substantial works, like a Chopin Ballade, etc.).
--
Al Eisner
Yes, I was really thinking of commercial studio recordings and not taking into account any 'live' performances issued from radio or TV broadcasts, for example.
Bozo
2018-06-27 21:27:25 UTC
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Looks like Arrau recorded ( not live ) "Emperor" at least 5 times ?

http://arrauhouse.org/content/disc_completediscography.htm
h***@btinternet.com
2018-06-27 21:30:34 UTC
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There are 38 recordings of Horowitz playing Traumerei.
Ricardo Jimenez
2018-06-27 23:36:13 UTC
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Post by h***@btinternet.com
There are 38 recordings of Horowitz playing Traumerei.
How many of him playing the Chopin B minor scherzo?
Bozo
2018-06-27 23:55:26 UTC
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Post by Ricardo Jimenez
How many of him playing the Chopin B minor scherzo?
Or Moszowski's "Etincelles " ?
r***@gmail.com
2018-06-28 01:35:51 UTC
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38 of Traumerei on its own, or including recordings of Kinderszenen?
Al Eisner
2018-06-29 23:03:47 UTC
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Post by r***@gmail.com
38 of Traumerei on its own, or including recordings of Kinderszenen?
The discography I mentioned earlier (which advertises itself as nearly
complete) lists 28 on its own plus 6 Kinderszenen's. Only 17 of
Etincelles. It appears one Chopin waltz may beat it out for
second place, with various other pieces close behind.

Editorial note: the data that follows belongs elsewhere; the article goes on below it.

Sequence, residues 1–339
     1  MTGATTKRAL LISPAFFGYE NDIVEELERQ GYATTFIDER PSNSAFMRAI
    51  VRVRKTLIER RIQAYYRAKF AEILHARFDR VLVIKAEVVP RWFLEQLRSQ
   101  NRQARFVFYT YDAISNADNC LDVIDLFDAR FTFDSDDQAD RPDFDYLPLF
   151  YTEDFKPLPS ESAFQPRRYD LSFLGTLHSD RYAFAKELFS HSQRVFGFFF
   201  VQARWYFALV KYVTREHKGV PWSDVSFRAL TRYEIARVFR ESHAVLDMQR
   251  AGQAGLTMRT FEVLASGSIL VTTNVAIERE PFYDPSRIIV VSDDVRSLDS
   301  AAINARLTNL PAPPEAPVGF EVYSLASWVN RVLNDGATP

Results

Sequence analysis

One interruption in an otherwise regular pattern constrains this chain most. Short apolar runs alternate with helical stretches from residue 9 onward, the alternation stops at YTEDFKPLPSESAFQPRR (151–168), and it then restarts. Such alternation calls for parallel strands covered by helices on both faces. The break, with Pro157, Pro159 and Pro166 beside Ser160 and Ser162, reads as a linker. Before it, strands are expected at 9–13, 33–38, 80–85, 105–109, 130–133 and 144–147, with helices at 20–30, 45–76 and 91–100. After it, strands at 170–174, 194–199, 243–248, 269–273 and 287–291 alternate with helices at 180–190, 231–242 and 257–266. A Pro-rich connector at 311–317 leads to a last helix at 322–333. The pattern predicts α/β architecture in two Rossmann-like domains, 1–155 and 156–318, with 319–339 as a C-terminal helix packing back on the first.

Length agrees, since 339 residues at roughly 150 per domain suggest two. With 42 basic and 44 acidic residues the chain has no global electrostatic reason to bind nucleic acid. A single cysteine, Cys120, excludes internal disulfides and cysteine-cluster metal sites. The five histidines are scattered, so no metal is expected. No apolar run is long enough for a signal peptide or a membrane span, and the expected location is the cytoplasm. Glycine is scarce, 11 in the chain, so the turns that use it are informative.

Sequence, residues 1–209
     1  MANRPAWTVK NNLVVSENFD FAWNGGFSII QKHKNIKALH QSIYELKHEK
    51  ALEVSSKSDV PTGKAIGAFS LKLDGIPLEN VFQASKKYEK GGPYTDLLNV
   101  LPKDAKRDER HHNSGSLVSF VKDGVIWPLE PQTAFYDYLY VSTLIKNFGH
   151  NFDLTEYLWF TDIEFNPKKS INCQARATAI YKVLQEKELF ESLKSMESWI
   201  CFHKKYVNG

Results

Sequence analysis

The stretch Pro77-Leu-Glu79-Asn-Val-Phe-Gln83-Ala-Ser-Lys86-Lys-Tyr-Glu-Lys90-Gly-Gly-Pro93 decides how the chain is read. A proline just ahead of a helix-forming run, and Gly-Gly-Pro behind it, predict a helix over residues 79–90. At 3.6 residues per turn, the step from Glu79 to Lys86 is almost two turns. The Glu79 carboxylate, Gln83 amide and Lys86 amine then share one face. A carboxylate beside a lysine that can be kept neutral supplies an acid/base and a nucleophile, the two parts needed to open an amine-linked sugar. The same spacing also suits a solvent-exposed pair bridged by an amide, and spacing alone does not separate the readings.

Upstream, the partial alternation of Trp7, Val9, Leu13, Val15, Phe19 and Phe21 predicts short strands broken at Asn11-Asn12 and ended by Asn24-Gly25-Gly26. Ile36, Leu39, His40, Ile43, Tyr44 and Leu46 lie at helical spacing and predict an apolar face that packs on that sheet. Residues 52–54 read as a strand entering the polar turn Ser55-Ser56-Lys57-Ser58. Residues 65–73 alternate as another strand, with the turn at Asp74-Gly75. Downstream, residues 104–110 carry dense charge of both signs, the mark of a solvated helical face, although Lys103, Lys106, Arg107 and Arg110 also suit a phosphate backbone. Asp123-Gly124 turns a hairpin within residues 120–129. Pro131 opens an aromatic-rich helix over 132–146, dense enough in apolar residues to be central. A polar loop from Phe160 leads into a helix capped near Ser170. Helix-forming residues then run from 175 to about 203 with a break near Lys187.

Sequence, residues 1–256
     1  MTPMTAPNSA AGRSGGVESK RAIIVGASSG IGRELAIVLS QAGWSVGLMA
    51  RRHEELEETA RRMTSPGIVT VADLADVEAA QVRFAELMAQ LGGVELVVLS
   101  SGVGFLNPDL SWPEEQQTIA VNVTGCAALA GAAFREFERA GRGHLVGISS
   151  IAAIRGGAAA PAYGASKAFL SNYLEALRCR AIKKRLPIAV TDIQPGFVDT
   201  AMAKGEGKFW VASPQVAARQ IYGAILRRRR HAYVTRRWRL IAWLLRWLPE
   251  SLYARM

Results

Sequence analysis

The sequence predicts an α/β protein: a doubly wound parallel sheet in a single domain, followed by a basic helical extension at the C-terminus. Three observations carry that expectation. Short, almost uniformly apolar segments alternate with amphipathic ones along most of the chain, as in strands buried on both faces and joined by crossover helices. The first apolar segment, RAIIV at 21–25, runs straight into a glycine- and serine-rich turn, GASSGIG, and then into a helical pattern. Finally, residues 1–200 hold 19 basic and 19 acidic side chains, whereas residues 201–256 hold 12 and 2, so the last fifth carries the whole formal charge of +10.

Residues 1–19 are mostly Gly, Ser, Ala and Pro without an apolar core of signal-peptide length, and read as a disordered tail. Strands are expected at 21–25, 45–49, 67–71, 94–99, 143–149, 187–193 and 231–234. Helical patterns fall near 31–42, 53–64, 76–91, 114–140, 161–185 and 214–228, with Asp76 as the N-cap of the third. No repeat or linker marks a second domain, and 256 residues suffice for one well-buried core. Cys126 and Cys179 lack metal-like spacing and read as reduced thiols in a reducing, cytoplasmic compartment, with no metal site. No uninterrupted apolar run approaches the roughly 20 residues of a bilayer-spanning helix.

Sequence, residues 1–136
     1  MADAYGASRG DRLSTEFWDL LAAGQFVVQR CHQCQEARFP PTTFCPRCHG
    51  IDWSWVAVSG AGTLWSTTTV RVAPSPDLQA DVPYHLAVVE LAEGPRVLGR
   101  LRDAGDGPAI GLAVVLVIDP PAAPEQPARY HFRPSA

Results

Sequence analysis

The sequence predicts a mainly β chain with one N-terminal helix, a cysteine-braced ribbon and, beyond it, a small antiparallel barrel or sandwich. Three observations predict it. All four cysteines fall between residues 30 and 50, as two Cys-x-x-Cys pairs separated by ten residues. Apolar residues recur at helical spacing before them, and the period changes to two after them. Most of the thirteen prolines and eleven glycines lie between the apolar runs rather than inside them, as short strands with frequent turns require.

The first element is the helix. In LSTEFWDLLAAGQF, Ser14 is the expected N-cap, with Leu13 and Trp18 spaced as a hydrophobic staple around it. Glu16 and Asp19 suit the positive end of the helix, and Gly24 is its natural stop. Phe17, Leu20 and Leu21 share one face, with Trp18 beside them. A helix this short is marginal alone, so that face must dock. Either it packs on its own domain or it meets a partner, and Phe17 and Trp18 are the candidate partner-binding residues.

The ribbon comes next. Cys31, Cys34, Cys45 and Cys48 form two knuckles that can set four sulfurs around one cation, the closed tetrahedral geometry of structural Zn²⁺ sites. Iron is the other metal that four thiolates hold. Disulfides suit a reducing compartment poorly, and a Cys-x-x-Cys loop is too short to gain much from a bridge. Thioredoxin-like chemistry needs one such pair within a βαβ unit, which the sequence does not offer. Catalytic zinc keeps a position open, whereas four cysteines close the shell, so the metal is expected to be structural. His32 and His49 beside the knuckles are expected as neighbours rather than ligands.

--
Al Eisner
Bozo
2018-06-29 23:48:29 UTC
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Only 17 of Etincelles. It appears one Chopin waltz may beat it out for
second place,
Op.34,# 2, A minor, I assume ?
Al Eisner
2018-06-30 00:10:44 UTC
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Post by Bozo
Only 17 of Etincelles. It appears one Chopin waltz may beat it out for
second place,
Op.34,# 2, A minor, I assume ?
Right, with Op. 64 #2 only a few behind.
--
Al Eisner
graham
2018-06-28 01:47:57 UTC
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Post by h***@btinternet.com
There are 38 recordings of Horowitz playing Traumerei.
37 too many!
dk
2018-06-28 02:52:14 UTC
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Post by graham
Post by h***@btinternet.com
There are 38 recordings of Horowitz playing Traumerei.
37 too many!
38 too many!
graham
2018-06-28 04:17:16 UTC
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Post by dk
Post by graham
Post by h***@btinternet.com
There are 38 recordings of Horowitz playing Traumerei.
37 too many!
38 too many!
Well I hadn't heard them all!!
O
2018-06-28 15:04:39 UTC
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Post by graham
Post by dk
Post by graham
Post by h***@btinternet.com
There are 38 recordings of Horowitz playing Traumerei.
37 too many!
38 too many!
Well I hadn't heard them all!!
If you've heard one...

-Owen
piano4tay
2018-06-28 09:02:43 UTC
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Only 38?.....it seems like more.....

Amn
Andy Evans
2018-06-28 09:59:43 UTC
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Post by piano4tay
Only 38?.....it seems like more.....
Amn